Confession time: I’ve been looking for an excuse *cough* I mean *cough* a reason to use the cake ball maker my loving family gave me for Christmas.
What could I justify baking? Muffins or coffee cake sounded pretty tasty but I wasn’t sure about how cinnamon swirls, chocolate chips, or blueberries would turn out. (I’m now convinced my concerns were unjustified but I’ll provide you with scientific analysis soon)
Earlier this afternoon I was wandering through the grocery store looking for a
thinly veiled excuse to use my cake pop maker good idea for supper and it hit me: cornbread. I already have a recipe I like, and if the test run doesn’t work out, I can toss ’em and bake the rest of the batter in muffin pans.
But once I got started, they were so cute I didn’t want to stop making them.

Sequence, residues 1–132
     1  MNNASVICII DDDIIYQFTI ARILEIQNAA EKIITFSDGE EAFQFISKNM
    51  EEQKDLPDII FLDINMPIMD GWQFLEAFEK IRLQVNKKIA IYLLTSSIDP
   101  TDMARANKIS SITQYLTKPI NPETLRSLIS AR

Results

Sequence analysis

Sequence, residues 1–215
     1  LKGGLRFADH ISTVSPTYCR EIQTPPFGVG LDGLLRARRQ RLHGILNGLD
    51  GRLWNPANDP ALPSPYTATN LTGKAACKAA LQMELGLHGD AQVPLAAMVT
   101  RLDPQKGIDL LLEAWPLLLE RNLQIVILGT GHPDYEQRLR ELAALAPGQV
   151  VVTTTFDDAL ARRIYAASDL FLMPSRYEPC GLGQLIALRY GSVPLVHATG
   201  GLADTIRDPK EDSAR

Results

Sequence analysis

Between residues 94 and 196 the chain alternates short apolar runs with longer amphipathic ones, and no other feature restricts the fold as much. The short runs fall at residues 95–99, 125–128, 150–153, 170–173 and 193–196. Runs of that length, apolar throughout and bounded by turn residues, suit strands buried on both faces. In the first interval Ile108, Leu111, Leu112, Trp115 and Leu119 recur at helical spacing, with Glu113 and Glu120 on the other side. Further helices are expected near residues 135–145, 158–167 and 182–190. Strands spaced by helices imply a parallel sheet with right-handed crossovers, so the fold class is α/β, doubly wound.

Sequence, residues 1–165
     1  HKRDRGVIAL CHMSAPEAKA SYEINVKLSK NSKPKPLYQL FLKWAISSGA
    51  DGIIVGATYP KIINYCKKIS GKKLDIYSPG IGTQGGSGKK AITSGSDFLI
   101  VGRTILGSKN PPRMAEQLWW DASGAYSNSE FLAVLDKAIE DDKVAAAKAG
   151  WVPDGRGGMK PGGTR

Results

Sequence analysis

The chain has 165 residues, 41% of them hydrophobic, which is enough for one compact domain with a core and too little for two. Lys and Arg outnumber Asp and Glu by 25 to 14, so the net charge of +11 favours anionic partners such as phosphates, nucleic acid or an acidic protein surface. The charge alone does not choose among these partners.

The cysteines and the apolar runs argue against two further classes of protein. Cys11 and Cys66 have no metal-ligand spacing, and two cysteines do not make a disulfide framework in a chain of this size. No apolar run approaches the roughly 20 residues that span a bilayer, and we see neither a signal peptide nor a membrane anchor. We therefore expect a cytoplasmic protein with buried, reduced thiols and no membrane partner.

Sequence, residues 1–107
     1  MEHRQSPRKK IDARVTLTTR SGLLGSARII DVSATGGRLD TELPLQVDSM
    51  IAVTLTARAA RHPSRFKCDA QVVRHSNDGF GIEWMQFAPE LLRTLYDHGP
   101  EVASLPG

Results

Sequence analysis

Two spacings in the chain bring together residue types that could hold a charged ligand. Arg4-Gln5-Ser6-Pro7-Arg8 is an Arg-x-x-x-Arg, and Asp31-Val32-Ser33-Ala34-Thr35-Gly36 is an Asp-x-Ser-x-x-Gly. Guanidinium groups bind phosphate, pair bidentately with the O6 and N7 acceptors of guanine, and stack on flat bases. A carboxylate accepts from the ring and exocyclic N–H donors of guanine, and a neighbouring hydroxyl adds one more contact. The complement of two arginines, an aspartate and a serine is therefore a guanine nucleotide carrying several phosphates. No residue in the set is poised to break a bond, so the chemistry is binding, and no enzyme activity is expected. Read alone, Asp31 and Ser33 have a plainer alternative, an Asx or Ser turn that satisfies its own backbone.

Tips for using a Cake Pop Maker:
1. I used a ketchup squeeze bottle with the top trimmed to make the hole large enough for the batter to squeeze out freely.
2. Squeeze hard and fast, straight into the bottom of the cavity. That way, the batter forms a nice little mound without air pockets and you can judge the amount easily.
3. Fill half full. I’m not sure if cakes and other recipes will be different, but that is what worked for the cornbread.
4. Four minutes and please use an oven mitt to open and close the lid. Be ready to work swiftly and watch the clock, just like pancakes and waffles.
The cake pop maker is somewhat of a glorified waffle iron that makes roundish shapes instead of flat waffled ones. And if that makes me sound disappointed; I’m not. It works exactly how I expected it to.
While no one I know will ever let me make cake pops with it (they all prefer the handmade ones), I’ll get some good use experimenting with muffins and other quick bread recipes.
I can’t decide if I should whip up some honey butter to dip these cornbread balls or just serve them with some good ole molasses. What do you think?